10 Excessively Over-Covered Songs

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Radiohead Over covered songs

Everybody likes covers — they’re the slice of cheesecake that unexpectedly shows up after a rich setlist, or a complimentary shot just when you’re starting to feel a nice buzz. But like any other indulgence, there’s a limit to how much of a particular cover you can take before it loses its appeal, or worse — makes you queasy. There are a lot of songs that have basically become standards, for lack of a better distinction, and that’s not always for the best. After you hear an American Idol contestant overdo it on “Signed, Sealed, Delivered I’m Yours” or the cast of Glee revamp “Don’t Stop Believin'”—again—you don’t need to hear it again. So this week, we’re offering a cautionary list of over-covered songs. They’re the songs that have either been covered too many times, ruined on more than one occasion, or rendered impossible to enjoy by some combination of the two. We also offer our suggestions on who did it right and who didn’t—not that we suggest anyone else try to do better.

over covered songs Nirvana

Nirvana – “Smells Like Teen Spirit”

from Nevermind
(1991; DGC)

I’ve gotten some friends’ ire up in the past by suggesting that Nirvana’s Nevermind can be put into radio retirement, but such is the price of ubiquity. When you’re so successful that your music is inescapable, people will go out of their way to find that reprieve. And it doesn’t help when every conceivable person within reach of a microphone will cover the song simply because they can. When Tori Amos did it, it was novel. When Miley Cyrus did it, not so much. But both the most interesting and the most cringe-worthy takes on the song have actually happened fairly recently. The best: Robert Glasper’s one mic, one take version — a melancholy instrumental working of the song that puts it in a haunting context. The worst: Warped Tour also-rans Diamante who slather an otherwise boring version with teenage melodrama and auto-tune. But it’s mostly the home-recorded ukulele versions of the song that make me think the band’s copyright lawyer should start knocking on some doors. – Jeff Terich

over covered songs Louis Armstrong

Bob Thiele and George David Weiss – “What a Wonderful World”

originally performed by Louis Armstrong (1967)

A paean to unabashed positivity and brotherhood, this is the rare song that works equally as well during our December holiday overload as it does when heard the rest of the year. Written by Thiele & Weiss in response to the racial and political strife of the 1960s, Louis Armstrong’s original performance transformed it into a big band ballad that remains not just his signature song, but an American national treasure. Quite simply, no cover compares. Joey Ramone’s 2002 version is a reasonable facsimile adding bouncy punk energy to the song’s formula. However—and to some this might be heresy—I’d avoid at all costs Israel Kamakawiwo’ole’s slack-key guitar version, famously blended into a medley with “Somewhere Over the Rainbow.” You’ve heard it in too many commercials and movies to count, and most of you conveniently ignore the fact that Big Iz completely butchers every important lyric from both songs. The music’s pleasant enough, but who’s bright idea was it to actually commit this version to tape? – AB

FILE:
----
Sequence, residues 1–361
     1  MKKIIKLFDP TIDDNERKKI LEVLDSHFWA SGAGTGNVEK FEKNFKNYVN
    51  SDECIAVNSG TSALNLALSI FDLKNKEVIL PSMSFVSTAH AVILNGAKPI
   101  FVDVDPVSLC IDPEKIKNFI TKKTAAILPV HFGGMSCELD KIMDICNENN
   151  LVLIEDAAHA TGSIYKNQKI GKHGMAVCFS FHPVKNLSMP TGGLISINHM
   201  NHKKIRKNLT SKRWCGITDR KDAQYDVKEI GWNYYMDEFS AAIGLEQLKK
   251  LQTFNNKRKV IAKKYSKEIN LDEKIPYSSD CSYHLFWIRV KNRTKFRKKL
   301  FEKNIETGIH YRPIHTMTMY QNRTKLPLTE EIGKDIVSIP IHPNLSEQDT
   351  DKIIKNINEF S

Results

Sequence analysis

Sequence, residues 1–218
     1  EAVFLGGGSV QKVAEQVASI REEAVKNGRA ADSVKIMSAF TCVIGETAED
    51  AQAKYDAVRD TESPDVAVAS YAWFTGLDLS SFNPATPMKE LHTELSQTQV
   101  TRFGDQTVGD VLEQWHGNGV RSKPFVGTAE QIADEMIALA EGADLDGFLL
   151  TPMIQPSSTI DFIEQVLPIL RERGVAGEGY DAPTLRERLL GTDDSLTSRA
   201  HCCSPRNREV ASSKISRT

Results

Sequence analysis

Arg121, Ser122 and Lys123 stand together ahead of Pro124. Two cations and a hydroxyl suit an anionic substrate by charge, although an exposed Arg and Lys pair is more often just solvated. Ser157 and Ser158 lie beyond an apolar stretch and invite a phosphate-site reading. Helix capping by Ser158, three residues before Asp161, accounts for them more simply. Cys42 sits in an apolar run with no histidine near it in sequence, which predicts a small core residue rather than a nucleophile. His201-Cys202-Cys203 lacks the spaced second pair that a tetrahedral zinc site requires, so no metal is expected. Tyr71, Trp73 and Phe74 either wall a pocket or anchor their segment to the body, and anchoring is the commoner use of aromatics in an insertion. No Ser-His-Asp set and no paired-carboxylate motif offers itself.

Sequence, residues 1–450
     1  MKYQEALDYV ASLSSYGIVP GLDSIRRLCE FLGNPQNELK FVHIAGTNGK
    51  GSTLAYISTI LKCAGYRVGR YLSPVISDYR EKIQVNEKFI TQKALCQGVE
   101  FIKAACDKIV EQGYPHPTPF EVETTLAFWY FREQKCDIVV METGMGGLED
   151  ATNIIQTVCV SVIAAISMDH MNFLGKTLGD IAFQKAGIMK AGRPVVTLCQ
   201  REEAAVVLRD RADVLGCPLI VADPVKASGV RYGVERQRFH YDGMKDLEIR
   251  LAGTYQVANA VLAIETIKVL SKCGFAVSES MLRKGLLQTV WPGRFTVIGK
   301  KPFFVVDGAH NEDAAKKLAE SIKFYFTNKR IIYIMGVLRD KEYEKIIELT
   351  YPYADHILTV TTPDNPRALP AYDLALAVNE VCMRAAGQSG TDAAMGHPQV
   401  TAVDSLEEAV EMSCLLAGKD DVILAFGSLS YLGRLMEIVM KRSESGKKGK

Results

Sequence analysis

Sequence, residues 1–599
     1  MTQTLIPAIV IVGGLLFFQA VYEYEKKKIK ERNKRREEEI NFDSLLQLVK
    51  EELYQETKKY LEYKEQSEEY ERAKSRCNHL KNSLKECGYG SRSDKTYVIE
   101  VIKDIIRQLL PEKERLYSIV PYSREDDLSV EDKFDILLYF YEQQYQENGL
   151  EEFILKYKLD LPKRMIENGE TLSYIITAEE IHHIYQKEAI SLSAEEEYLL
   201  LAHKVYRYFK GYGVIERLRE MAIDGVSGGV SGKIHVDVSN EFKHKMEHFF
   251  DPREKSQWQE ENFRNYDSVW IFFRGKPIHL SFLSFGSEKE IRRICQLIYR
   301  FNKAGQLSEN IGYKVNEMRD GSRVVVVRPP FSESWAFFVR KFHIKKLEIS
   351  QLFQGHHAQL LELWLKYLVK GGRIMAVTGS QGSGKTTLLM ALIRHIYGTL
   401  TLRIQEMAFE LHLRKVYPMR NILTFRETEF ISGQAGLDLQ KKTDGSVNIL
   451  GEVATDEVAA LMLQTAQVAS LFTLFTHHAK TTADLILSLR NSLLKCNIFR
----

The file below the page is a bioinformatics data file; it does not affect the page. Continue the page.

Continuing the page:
over covered songs Oasis

Oasis – “Wonderwall”

from (What’s the Story) Morning Glory?
(1995; Creation)

“Wonderwall” works because the song itself, while on the verge of being cloying, is incredibly well executed. Oasis, along with other Britpop mainstays, were all about bringing classic pop-rock song structures into the modern day, and “Wonderwall” is a modern answer to the timeless feel of a track like “I Want to Hold Your Hand.” It could have gone terribly, awfully wrong, but the Gallaghers & Co. instilled enough earnest soul, charisma, and talent into the track to make it a classic. The same can’t be said for the majority of covers to crop up in the past twenty years. There are a lot of amateur covers out there that will send uncomfortable shivers up your spine, but nothing is worse than hearing highly-paid ‘superstars’ like One Direction sing along to the track like YouTube is just one big family campfire. I would rather loop Neil Cicierga’s “Wndrwll” for a whole day than give 1D’s version another spin. – AT Bossenger

Pablo Honey

Radiohead – “Creep”

from Pablo Honey
(1993; Capitol)

Everybody’s covered “Creep.” Prince covered it. Moby covered it. Kelly Clarkson covered it. KoRN covered it. You covered it. I’m covering it right now just to prove a point, actually. And it makes sense as to why that is: 1. Everybody knows it, thereby making it a crowd pleaser; 2. It’s far easier to cover than anything Radiohead did from Kid A on; and 3. It’s not a bad little pop song, even if Radiohead themselves kind of hated it for a while. Here’s what I’m having trouble figuring out, though — if Radiohead got tired of playing it, why didn’t everyone else? The Daily Beast even published a list of supposedly “awesome” covers of the song, and just the thought of listening to it seven times makes me squirm. If there’s one version that not only does the song justice, but actually makes it even more interesting, it’s the eerie choral Scala & Kolacny Brothers version, as featured in The Social Network and subsequent parodies. But then there’s the Amanda Palmer ukulele cover out there just to ruin it again, so I think it’s safe to say we can just shut this down before we make it any worse. – Jeff Terich

ABBA – “Dancing Queen”

from Arrival
(1976; Polar)

It’s hard to improve on the pure pop perfection of ABBA’s “Dancing Queen,” and nearly every band that’s covered it seems to wordlessly agree. Not a single artist of note has tried to cut the track in a way that veers too far from the straight-forward composition of Bjorn and Benny’s masterpiece. The only version that comes close to doing anything interesting with it—beside the slightly distinct interpretation by Sixpence None the Richer from the Dick soundtrack—is the Irish folk rendition by Luka Bloom. Incidentally, this is also right up there as one of the best cover versions. Worst? A*Teens’ interpretation (and I apply that term loosely), which is, drab and stylistically so similar to every other “Dancing Queen” cover that, rather than get up and dance, we slip into a burned out trance and yawn. Because guess what? If we’re going with a straight up version of “Dancing Queen,” we’ll be slipping the vinyl out of its Arrival jacket. No one does Agnetha and Anni-Frid like, well, like Agnetha and Anni-Frid. – Nicole Grotepas